This is an important article that has to do, of course, with necropolitics. I learned as well that this author has a book an Anti-imperialist modernism I would like to read. I am going to order it from interlibrary loan, even now, because getting things from the library is like having life flow through you.
ETA: This article has important things in it for my research; I thought it was for my activism and service but it is in part about liberal multiculturalism and the elision of racial violence.
As English and Africana studies professor Jodi Melamed reminds us, liberal multiculturalism emerged in the postwar years as a project of race management, explicitly opposed to movements for Black liberation or revolutionary socialism. By advancing policies of desegregation and multiculturalism and promoting a Black and brown professional-managerial class, liberal antiracism became the official language of the US imperial state. The university has had a key role in producing antiracist liberalism as a normative mode of power and the means by which US liberal democracy could be spread abroad. The university, according to Melamed, was structured to produce “reasonable, law-abiding, and good global citizens” who could manage the personnel and capital of transnational corporations—the biopolitical production of multicultural “human capital.” At the very moment when the contradictions of that project exploded into public view with the rise of the third world studies movement and a wave of Black power and antiwar student strikes, the project of liberal antiracism again reshaped itself from one of desegregation and antiracism to one of diversity and individual identity.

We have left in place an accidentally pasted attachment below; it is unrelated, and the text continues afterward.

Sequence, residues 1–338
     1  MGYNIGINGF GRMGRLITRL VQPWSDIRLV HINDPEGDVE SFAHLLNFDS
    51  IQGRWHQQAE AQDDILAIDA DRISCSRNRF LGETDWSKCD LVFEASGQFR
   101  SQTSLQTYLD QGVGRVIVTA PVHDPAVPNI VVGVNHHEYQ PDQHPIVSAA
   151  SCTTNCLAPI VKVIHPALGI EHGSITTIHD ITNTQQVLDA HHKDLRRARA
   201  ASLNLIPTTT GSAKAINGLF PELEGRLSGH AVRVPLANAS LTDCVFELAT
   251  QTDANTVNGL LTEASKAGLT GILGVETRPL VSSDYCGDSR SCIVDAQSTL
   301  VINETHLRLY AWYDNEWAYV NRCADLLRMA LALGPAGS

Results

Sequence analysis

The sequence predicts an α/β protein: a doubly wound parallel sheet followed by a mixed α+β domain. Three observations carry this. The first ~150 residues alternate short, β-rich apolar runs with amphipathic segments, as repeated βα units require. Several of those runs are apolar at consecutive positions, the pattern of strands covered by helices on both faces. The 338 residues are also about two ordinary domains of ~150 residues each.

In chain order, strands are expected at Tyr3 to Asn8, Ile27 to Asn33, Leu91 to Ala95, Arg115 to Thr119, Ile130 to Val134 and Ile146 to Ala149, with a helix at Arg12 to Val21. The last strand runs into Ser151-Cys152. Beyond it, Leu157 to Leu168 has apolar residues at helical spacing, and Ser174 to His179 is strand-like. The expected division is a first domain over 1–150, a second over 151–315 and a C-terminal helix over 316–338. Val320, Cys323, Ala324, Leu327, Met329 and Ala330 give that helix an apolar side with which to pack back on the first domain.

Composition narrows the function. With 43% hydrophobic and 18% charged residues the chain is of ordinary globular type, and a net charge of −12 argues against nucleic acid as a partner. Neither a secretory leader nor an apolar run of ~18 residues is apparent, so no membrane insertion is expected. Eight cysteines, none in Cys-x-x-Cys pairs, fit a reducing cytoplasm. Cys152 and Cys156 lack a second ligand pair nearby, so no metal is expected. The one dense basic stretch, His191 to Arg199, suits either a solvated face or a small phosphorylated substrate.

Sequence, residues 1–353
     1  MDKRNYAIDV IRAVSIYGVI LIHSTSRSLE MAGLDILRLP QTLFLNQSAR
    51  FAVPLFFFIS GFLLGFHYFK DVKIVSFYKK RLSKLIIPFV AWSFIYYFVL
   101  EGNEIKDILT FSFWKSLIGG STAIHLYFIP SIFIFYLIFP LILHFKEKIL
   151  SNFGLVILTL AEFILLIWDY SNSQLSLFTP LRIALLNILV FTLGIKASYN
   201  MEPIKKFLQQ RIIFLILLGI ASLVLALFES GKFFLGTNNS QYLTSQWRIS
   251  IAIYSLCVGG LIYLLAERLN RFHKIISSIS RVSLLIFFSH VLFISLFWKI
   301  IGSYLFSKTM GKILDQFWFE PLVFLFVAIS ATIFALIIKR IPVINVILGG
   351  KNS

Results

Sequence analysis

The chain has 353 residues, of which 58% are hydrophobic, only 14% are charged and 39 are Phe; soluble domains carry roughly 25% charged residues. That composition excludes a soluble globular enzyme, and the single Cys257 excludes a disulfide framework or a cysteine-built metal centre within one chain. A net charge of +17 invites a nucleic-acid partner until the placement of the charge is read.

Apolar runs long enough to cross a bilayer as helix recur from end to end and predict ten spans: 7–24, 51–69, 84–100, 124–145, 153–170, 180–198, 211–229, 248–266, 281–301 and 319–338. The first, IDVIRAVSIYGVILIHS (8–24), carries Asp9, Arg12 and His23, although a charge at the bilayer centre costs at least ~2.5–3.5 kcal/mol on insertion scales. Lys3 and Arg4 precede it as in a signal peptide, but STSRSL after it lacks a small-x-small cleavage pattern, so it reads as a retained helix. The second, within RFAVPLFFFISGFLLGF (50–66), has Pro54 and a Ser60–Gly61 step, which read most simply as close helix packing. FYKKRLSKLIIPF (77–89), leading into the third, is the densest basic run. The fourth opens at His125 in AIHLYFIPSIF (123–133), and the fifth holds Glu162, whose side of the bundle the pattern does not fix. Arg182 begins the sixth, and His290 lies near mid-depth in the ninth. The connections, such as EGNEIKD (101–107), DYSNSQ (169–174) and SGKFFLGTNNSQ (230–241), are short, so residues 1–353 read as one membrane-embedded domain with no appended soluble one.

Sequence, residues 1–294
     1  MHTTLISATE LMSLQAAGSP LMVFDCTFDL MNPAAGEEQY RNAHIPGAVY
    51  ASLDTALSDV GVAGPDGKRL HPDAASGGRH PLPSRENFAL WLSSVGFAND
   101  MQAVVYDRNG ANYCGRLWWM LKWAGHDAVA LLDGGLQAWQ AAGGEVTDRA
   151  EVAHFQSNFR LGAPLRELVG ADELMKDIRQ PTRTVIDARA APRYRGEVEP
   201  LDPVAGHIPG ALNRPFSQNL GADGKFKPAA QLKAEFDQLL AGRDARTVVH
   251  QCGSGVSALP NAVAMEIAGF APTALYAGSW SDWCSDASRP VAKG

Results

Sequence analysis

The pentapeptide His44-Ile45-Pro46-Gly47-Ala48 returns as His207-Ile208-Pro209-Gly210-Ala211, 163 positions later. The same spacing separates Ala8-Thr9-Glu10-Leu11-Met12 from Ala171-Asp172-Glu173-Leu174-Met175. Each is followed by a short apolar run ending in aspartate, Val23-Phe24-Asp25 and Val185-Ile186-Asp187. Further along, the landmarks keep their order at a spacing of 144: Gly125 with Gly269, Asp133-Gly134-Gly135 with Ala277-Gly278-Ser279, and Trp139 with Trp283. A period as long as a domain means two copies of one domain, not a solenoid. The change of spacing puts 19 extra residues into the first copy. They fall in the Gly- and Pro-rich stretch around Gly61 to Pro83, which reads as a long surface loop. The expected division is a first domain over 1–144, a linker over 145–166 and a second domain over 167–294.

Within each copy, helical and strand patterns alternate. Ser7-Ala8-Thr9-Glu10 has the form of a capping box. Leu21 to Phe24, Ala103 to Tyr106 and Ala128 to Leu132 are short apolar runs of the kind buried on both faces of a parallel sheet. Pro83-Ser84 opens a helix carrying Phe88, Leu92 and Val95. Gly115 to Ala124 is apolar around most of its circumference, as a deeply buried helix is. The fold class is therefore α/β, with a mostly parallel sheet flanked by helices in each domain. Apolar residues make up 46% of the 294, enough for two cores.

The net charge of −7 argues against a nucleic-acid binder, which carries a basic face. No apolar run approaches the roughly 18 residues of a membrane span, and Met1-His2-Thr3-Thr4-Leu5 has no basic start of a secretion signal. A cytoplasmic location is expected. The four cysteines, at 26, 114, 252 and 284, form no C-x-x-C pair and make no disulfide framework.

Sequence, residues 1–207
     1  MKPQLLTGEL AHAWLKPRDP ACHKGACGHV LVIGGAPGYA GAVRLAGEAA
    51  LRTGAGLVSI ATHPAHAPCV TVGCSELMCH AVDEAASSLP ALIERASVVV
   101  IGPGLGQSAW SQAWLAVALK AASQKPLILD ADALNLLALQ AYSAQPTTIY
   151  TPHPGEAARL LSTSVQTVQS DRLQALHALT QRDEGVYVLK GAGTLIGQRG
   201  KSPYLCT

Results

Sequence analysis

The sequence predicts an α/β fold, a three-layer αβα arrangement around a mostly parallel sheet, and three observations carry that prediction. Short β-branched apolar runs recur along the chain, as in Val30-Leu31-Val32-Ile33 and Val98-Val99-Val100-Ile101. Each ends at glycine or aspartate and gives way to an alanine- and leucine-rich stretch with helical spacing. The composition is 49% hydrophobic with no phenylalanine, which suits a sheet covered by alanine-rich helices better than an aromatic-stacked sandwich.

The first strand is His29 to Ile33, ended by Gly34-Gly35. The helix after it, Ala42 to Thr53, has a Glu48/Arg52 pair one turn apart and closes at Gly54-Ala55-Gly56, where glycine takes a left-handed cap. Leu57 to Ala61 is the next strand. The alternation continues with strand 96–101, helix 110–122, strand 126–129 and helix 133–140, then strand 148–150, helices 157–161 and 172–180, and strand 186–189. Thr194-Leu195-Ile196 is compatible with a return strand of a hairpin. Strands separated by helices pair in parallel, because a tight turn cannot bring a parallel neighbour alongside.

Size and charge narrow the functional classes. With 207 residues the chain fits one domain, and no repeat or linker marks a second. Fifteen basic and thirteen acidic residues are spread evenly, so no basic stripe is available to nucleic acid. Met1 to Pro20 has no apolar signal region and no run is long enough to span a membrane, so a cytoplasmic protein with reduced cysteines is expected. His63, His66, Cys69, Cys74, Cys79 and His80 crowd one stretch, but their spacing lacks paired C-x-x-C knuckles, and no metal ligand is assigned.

Of course, the biopolitical management of liberal antiracism also quietly implies its other, the necropolitical liberal management of racial violence. If the university is a space in which diversity is to be managed, the violence of racism is not challenged so much as elided, moved aside, and kept away from campus as practice but also as discourse. In his famous concurring opinion in Bakke vs. Regents, Justice Lewis F. Powell defined the role of affirmative action as a matter less of racial justice than of optimal academic outcomes: a diverse student body is necessary to equip future managers at J. P. Morgan Chase to manage a global investment portfolio. The quotas he opposed, by contrast, would have moved toward actual racial redistribution. Race became a question of personal and individual rights rather than of group rights. The university thus became a place where, it was imagined, individuals would be stripped of their past, their context, and their communities rather than a place where complex social questions exist and are negotiated. “Educational pluralism,” in Powell’s turn of phrase, is a managerial fiction that covers over the white supremacy of the labor market, police force, and prisons.